How will these changes affect existing members within ANDE? And what should prospective members know about the changes?
With the addition of a new membership tier, current members who meet the criteria can adjust their membership accordingly. We encourage current members to reach out to the membership team should they have any questions or want to check whether they meet the new criteria.
Regarding grantmaking, we try to keep our full subscriber list informed when we put out a request for proposals on a new funding opportunity. We always specify what specific criteria are taken into consideration when reviewing applications, and try to ensure that we are making our funding accessible to organizations of all sizes and geographies. However, it is important to note that some sources of funding, specifically if we are partnering with a government institution, have many rules and regulations attached to the grants which may be challenging for some organizations to fulfill. We try to be as transparent as possible about the process and requirements for receiving funds and reporting on projects.
Why should smaller local organizations join ANDE? How can they benefit the most from it?
There is a distinct difference between what members can get out of the network compared to other stakeholders in the SGB sector. While all organizations are eligible for most funding, some opportunities provided by private foundations are only accessible to members. Our eight regional chapters provide connections, opportunities, and resources tailored to specific geographies, and we have so many opportunities for collaboration, knowledge sharing, and networking through our learning labs, action labs, and learning communities around numerous issue areas.
The benefits of being a member are really unmatched. Being able to tap into a rich network of key sector players, all the way from investors to capacity development providers, make for rich conversations because you are really tackling challenges from various points of view, so putting those perspectives together is quite valuable.
Members can also benefit from the wide array of resources we provide. We prioritize members in our training programs, such as our regular Investment Manager Training. These trainings can have a different global or regional focus, which is great because it contextualizes the curriculum and makes it relevant to whatever geography they are working in.
Finally, ANDE membership also gives access to a wide variety of communications channels to share announcements and opportunities from across the sector, from our social media channels and newsletters to our website. We love fostering connection among the ecosystem and making sure that everyone can stay up to date on developments and insights about the sector.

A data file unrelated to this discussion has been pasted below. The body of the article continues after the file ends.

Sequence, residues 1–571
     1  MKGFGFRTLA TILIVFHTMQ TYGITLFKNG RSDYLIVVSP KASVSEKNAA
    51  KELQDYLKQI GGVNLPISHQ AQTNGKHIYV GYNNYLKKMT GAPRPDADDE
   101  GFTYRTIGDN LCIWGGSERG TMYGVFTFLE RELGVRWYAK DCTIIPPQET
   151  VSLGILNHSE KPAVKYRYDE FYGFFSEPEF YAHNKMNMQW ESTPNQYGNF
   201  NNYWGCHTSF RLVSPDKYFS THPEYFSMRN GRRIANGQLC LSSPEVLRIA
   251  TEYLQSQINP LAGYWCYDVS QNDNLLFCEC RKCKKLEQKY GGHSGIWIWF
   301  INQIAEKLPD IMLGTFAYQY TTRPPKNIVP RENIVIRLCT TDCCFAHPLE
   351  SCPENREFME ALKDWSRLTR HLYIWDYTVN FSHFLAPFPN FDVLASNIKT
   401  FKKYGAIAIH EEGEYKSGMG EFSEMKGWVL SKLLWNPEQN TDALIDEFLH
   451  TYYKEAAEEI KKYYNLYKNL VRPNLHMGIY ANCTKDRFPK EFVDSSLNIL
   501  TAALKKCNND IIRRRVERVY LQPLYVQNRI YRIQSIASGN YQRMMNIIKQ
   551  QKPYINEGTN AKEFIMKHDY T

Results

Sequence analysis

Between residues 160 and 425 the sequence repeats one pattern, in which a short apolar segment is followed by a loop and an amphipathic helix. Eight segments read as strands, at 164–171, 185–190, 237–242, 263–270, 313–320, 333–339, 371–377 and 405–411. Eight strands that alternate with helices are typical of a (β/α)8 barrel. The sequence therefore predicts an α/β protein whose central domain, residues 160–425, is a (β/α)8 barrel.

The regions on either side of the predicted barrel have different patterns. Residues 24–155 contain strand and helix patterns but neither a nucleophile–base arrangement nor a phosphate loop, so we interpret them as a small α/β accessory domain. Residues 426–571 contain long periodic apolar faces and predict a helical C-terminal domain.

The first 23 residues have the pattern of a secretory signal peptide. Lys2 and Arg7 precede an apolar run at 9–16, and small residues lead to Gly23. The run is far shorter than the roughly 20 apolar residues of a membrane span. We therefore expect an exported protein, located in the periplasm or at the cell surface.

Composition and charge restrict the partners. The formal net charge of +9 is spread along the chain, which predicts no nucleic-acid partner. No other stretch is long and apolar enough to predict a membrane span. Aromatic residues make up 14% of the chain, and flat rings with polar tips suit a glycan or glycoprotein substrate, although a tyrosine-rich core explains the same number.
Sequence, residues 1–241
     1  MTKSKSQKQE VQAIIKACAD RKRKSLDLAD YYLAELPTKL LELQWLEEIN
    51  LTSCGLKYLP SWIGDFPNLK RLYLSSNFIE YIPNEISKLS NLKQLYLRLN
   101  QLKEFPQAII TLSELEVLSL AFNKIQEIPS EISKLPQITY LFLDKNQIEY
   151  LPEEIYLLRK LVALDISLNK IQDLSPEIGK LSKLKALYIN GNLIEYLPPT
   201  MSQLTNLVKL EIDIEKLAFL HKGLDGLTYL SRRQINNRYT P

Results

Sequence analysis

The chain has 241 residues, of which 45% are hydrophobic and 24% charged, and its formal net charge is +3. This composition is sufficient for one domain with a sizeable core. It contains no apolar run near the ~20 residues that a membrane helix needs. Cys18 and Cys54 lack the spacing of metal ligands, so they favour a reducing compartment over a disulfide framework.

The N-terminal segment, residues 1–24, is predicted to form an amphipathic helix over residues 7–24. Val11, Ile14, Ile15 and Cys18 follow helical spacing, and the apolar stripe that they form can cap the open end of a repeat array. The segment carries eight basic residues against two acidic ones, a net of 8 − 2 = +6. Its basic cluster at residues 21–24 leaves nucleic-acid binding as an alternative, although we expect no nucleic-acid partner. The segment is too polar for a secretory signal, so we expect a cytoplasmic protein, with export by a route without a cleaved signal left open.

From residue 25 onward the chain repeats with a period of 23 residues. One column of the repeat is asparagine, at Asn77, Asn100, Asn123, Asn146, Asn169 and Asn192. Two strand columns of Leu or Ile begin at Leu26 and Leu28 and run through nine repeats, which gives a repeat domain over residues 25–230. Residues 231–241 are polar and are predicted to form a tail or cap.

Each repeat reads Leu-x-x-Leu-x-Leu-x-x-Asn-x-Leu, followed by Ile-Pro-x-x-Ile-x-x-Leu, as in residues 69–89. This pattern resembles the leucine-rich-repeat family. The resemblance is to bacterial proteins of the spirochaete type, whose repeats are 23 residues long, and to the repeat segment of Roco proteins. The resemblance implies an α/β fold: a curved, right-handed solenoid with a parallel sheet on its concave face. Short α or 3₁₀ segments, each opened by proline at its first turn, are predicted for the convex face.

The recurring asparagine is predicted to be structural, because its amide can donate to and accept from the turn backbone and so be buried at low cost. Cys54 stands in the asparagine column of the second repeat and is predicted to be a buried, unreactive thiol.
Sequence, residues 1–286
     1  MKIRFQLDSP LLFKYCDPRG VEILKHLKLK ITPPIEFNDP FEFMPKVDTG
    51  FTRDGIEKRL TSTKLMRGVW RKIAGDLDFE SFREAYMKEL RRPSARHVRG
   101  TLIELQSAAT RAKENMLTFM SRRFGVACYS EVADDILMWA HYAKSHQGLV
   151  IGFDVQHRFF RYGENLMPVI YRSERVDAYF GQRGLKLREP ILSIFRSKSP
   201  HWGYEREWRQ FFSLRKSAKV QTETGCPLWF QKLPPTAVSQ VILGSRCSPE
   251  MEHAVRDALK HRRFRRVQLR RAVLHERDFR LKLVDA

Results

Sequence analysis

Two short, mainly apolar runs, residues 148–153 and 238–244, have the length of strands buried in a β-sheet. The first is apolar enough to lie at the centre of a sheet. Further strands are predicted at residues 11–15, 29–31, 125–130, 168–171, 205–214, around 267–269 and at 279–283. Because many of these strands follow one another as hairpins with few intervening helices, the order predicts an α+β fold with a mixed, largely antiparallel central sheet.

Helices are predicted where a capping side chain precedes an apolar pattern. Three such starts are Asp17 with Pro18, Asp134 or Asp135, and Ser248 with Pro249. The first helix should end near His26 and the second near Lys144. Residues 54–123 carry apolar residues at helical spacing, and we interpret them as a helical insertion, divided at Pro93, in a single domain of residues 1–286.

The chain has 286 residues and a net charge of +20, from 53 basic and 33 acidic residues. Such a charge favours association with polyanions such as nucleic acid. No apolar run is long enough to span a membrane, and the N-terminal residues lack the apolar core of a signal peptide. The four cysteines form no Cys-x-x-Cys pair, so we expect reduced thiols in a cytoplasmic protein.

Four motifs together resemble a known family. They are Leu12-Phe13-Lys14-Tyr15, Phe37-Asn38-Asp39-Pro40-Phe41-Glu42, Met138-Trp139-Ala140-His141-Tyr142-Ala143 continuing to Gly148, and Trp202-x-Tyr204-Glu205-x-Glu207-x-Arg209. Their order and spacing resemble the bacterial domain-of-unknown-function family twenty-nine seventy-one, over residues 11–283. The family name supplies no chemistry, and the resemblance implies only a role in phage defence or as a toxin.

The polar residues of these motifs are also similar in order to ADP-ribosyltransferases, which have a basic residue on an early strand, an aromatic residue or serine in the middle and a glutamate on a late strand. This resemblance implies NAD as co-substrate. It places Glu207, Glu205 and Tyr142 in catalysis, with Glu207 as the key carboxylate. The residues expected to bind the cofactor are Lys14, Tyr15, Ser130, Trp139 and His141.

How do these changes reflect ANDE’s broader thinking around issues in diversity, equity, and inclusion? And what has feedback been so far?
When it comes to membership, almost half of our network is comprised of members headquartered in a developing country. We want to ensure that all of ANDE’s work is grounded in the local context and informed by the people who know their countries best–and that we are strengthening local organizations and leaders.
To that end, we made sure to include our regional chapter staff and steering committees in these discussions and decision-making. They drove the criteria we should set, ensuring that the changes were both realistic to ANDE’s business model and successfully able to attract the type of members and grantees we want to be part of ANDE’s work. Feedback so far has been really positive and we hope that new members see that as well.
What are some of the impacts you hope to see on SGBs in the long run as more organizations are able to access membership and grants?
A long term goal is to make sure we are equipping more entrepreneurial support organizations with the resources and partnerships they need to help catalyze small and growing businesses. There are just so many ways that being part of the network can make intermediaries more effective and bolster the overall SGB sector.
We really do see these changes as a pilot. We are continually seeing what works, taking time to collect feedback, reevaluating, and using that to make additional changes to support our members and achieve our mission.